Brian Jessurun of Pomfret, a co-owner of four restaurants in northeast Connecticut, including the Vanilla Bean Cafe in Pomfret, said a $15 minimum wage and other labor-backed proposals would “blow up business models” for family-run and other small firms for which wages are among the biggest costs. Only big businesses will survive, he said.
“This is a looming disaster,” Jessurun said. “How is this being proposed in a state that by any measure is bankrupt?”
Rep. Joe Polletta, R-Watertown and the top House Republican on the labor committee, said negotiations over the minimum wage bill might lead to changes stretching out the time period until it reaches $15. He called it a “drastic jump” and warned against another provision of the committee’s version that would raise the wage in step with inflation. If it becomes law, the minimum wage would rise without a vote by the legislature, Polletta said.
Unions and their allies say the wage increase is a needed boost for low-paid workers and will pump money into the economy.
A measure that Democrats call their No. 1 priority would reimburse employees up to $1,000 a week for 12 weeks after the birth of a child or for medical care for a family member. It would be financed by a half-percent payroll tax. Supporters say it’s an important benefit for workers and would not be a financial burden to businesses because it would be paid for by employees.
Owners of small businesses say such a law would hinder their operations by requiring them to replace workers for up to three months, a difficult task if an employee has specialized skills. In addition, critics say most job applicants are not interested in temporary gigs.
A third measure would prohibit an employer from forcing employees to attend or participate in meetings sponsored by the employer concerning the employer’s views on political or religious matters. Supporters say it would shield workers seeking to organize a union from management pressure.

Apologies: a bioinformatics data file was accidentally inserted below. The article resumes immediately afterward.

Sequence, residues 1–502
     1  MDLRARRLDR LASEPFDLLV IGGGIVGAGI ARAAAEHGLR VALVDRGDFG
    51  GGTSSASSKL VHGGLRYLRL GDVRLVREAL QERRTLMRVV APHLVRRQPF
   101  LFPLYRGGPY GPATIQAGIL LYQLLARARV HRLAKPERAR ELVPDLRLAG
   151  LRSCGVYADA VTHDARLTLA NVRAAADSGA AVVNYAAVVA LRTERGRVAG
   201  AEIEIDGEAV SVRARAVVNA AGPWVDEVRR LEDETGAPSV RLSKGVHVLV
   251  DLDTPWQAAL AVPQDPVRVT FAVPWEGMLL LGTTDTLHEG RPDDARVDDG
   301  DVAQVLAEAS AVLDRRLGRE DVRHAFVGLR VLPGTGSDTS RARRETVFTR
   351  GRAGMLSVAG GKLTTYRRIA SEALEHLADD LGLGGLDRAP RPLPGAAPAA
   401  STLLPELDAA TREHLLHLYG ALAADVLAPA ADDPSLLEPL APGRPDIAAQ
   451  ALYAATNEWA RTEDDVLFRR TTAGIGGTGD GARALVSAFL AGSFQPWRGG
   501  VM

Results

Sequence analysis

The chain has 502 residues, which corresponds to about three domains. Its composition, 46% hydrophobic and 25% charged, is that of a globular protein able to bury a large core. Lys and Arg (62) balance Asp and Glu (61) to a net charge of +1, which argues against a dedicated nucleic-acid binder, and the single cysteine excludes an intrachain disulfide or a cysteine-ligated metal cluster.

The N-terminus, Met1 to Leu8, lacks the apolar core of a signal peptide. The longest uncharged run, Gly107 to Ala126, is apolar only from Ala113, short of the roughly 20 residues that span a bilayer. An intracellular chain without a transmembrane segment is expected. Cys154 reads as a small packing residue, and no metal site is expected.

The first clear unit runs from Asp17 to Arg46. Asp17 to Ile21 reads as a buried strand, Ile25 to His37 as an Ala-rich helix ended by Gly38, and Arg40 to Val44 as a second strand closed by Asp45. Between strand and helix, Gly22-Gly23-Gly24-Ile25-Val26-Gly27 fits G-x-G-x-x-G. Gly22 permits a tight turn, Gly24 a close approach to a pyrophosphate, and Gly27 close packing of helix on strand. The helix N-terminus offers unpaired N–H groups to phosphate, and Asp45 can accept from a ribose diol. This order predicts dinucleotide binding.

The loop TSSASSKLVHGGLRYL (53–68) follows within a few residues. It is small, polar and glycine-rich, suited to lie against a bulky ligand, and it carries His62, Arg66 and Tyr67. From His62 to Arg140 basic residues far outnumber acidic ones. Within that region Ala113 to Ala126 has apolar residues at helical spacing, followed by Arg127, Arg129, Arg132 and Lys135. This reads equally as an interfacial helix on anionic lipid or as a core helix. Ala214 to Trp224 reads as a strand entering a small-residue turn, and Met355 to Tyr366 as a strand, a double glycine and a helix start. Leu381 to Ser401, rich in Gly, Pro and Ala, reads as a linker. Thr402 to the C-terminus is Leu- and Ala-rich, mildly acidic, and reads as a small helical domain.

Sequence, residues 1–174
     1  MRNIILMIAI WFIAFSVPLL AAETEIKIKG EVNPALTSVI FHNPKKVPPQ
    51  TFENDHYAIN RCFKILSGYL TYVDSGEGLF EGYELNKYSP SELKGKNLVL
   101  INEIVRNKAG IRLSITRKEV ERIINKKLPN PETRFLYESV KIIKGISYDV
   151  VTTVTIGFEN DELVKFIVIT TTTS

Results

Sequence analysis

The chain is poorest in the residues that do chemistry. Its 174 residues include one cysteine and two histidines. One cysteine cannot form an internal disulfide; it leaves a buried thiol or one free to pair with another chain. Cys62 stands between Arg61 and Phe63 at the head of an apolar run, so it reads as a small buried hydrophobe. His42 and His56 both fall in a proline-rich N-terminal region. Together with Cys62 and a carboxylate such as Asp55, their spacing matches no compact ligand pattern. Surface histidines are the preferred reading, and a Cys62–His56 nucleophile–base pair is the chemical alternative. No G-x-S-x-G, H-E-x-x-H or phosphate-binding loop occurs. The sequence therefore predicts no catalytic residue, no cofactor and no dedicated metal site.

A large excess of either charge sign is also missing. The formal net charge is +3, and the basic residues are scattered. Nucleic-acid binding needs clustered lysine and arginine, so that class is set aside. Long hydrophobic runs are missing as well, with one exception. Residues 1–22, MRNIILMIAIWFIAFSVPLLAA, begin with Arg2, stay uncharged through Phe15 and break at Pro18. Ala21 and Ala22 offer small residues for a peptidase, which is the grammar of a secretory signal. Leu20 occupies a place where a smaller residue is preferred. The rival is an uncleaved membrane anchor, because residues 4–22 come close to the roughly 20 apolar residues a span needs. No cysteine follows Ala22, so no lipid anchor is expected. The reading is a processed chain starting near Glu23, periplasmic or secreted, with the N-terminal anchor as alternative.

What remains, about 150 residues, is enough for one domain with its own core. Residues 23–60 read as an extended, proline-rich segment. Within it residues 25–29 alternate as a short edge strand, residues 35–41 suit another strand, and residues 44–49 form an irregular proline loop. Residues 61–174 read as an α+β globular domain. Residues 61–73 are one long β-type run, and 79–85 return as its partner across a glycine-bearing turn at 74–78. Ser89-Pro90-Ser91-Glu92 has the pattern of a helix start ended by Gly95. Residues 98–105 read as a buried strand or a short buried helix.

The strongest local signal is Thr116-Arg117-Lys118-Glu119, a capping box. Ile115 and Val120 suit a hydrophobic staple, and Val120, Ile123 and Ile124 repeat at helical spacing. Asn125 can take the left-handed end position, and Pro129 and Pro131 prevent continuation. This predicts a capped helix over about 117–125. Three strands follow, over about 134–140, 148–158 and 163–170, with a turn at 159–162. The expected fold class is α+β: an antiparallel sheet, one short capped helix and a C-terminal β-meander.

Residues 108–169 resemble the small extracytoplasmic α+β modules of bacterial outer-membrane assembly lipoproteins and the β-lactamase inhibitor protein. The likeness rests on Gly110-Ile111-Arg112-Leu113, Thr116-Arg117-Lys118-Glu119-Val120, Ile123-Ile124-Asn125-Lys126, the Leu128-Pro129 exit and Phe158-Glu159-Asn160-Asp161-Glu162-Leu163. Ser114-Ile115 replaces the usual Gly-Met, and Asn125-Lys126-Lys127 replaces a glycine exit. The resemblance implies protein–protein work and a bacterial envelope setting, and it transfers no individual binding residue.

The CBIA has said federal labor law prevails and opposes the bill.
And legislation would bar as a defense to an allegation of sexual harassment that the complaint was properly investigated, immediate corrective action was taken and no act of sexual harassment subsequently occurred. Gjede said the measure would expose employers to lawsuits even when they take necessary steps to prevent and investigate sexual harassment and act accordingly. Current law is “good, sound policy” that should remain in place, he said.
Sen. Julie Kushner, D-Danbury and co-chairwoman of the labor committee, said she and businesses have sought “common ground” on several issues. In exchange for a higher minimum wage, for example, businesses can participate in the state employee health insurance plan, she said.
“You can find some relief in other areas,” she said. “That’s a very good example where we’ve seen some ability to work together.”
Kushner, a freshman lawmaker who was part of the wave of Democrats who eliminated the close party division in the Senate, says the CBIA and other groups do not have a monopoly on interpreting business views of legislation.
“I’ve found most small businesses are looking for ways to help employees,” she said, citing a higher minimum wage and paid family leave.
Kushner, a former organizer for the United Auto Workers and activist in the Connecticut Working Families Party, has met with the local chamber of commerce and will do so again. Her experience in the labor movement has led her to work with the business community as partners, she said.
“This isn’t unfamiliar territory to me,” Kushner said.
P.J. Prunty, president of the Danbury Chamber of Commerce, said he and others have spoken to Kushner about their concerns with legislation she supports.
“We understand the challenges Connecticut faces, but we can’t put that burden on the back of small businesses,” he said.
Original article can be found in the March 22, 2019 edition of the Hartford Courant